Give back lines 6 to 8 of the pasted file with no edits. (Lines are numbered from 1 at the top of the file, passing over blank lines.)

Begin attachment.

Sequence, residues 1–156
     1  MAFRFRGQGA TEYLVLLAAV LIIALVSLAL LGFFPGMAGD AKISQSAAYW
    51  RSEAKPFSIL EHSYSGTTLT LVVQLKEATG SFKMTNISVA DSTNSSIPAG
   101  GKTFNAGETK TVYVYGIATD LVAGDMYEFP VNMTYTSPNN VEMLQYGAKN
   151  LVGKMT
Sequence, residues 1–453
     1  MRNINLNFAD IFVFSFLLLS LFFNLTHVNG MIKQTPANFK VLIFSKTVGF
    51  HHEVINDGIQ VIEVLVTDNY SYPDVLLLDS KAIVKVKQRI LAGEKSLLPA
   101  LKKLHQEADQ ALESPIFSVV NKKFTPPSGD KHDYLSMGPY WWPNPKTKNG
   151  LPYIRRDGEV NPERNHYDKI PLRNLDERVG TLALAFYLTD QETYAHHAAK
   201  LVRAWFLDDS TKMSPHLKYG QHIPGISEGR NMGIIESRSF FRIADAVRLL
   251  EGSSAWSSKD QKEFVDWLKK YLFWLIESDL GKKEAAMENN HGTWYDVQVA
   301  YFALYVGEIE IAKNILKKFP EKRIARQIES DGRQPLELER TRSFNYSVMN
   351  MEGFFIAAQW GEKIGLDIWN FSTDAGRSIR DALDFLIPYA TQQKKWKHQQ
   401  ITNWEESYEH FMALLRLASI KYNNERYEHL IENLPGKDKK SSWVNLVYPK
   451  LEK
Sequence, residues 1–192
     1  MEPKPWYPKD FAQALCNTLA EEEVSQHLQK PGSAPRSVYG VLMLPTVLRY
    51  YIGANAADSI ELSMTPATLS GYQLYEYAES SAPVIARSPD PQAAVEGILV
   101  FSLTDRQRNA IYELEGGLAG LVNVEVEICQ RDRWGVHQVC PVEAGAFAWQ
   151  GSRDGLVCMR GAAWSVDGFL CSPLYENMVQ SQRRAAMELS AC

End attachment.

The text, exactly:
Sequence, residues 1–453
     1  MRNINLNFAD IFVFSFLLLS LFFNLTHVNG MIKQTPANFK VLIFSKTVGF
    51  HHEVINDGIQ VIEVLVTDNY SYPDVLLLDS KAIVKVKQRI LAGEKSLLPA